Just days ago I was so excited to see three spikes on a pink cymbidium orchid. Today the spikes remain, but sadly with fewer buds. What’s going on?
I fear I have become a slave to my expectations. The promise of something wonderful isn’t always fulfilled. This is never more true than in the garden, but also, in life. How often do we look forward to something only to be disappointed by the reality? Things have a way of not turning out as one expects them to. But this doesn’t have to be a bad thing.
I researched the bud-drop problem which it appears, can be brought on by a sudden change in environment like temperature fluctuation. This is entirely possible because we are experiencing a bout of chilly nights here in our sub-tropical climate of the Gold Coast.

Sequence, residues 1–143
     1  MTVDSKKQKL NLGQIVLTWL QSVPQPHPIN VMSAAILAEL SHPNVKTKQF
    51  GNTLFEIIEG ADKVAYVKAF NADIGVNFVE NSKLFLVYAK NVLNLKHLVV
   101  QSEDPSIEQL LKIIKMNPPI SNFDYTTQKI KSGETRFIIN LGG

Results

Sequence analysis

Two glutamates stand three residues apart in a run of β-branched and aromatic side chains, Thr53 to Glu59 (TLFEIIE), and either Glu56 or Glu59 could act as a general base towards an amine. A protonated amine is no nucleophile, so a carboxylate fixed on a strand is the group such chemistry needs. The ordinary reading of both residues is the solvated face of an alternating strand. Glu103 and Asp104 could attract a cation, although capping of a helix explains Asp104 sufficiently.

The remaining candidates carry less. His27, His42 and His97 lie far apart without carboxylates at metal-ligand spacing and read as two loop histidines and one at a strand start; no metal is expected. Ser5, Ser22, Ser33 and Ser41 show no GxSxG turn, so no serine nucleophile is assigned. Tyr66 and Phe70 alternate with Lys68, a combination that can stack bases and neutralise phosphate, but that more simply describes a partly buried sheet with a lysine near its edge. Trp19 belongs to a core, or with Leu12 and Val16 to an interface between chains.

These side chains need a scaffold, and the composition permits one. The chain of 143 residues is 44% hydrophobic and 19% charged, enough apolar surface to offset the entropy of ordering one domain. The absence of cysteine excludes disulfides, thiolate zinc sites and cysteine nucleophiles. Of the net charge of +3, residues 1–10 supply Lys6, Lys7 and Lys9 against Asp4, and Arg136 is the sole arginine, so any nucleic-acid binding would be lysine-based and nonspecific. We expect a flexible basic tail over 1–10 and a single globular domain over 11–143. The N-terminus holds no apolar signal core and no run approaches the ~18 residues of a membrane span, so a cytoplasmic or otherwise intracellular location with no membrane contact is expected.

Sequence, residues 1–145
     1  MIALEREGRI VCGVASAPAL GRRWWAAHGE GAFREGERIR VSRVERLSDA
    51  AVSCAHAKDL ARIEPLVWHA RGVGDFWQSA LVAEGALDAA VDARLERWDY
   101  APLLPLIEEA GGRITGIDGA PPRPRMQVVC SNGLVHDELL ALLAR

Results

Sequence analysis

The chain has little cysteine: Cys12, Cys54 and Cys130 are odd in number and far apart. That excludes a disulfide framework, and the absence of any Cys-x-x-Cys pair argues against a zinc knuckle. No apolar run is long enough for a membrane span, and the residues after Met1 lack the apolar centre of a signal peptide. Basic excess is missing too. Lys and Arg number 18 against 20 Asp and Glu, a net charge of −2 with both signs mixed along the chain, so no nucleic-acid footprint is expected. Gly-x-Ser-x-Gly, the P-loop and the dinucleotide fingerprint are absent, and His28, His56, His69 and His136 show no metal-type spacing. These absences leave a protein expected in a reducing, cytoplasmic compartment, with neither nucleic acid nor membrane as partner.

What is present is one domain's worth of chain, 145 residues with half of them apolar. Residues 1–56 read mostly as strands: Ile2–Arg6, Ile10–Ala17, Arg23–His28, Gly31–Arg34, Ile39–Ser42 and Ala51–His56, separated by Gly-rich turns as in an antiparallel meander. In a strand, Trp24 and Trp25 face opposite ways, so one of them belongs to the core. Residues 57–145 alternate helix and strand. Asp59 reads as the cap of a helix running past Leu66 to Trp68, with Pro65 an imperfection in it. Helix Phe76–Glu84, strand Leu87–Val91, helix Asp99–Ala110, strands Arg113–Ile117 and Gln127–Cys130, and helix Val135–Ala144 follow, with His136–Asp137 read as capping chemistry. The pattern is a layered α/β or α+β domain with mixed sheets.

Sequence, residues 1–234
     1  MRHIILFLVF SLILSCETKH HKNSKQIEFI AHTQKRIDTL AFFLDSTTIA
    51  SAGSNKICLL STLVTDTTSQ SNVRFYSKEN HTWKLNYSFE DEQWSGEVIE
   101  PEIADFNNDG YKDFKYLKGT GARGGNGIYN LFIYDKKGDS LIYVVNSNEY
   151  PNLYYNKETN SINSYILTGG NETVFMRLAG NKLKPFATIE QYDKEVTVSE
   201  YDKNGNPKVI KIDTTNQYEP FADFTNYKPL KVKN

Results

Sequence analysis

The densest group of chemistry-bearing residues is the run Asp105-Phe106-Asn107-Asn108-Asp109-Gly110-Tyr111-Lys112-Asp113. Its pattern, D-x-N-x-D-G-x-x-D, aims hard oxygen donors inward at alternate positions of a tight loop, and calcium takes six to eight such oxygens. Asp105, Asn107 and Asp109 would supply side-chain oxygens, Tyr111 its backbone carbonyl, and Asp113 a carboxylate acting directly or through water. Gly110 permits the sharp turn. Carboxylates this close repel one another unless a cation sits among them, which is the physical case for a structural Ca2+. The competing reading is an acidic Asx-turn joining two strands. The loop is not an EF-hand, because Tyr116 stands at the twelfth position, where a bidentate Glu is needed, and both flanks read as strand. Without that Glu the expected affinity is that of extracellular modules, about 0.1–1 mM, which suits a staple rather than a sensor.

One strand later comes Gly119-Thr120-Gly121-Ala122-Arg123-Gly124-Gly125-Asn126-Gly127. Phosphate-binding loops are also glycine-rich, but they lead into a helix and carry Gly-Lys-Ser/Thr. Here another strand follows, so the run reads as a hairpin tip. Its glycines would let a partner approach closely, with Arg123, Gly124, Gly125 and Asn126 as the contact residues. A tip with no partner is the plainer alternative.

The Noosa Orchid Society says: There are many reasons why buds fall off before flowering: Under or over watering. Temperature extremes and rapid temperature changes (heating vents, air conditioning blowing directly on the plant). Fumes from natural gas leaks, paint, other chemicals. Ethylene – high producers are apple, avocado, peach, pear, plum, melons, figs, and tomatoes. Low humidity. Genetics. Aphids, thrips and some mites. Changing growing location. If you want to change a plant’s location so that it will be enjoyed, wait until the flower opens first.
So, what to do?
There are a few buds still clinging to the spikes so I will try to rescue them by bringing the pot undercover tonight. With luck, I will still have some blooms to enjoy. But if not, then I will appreciate the less showy, but equally wonderful, strappy green leaves.
The thing is, I can choose to be disappointed, or, I can marvel at the un-expected, which often exceeds the original, great expectations held.
If you change the way you look at things, the things you look at change.
Dr Wayne Dyer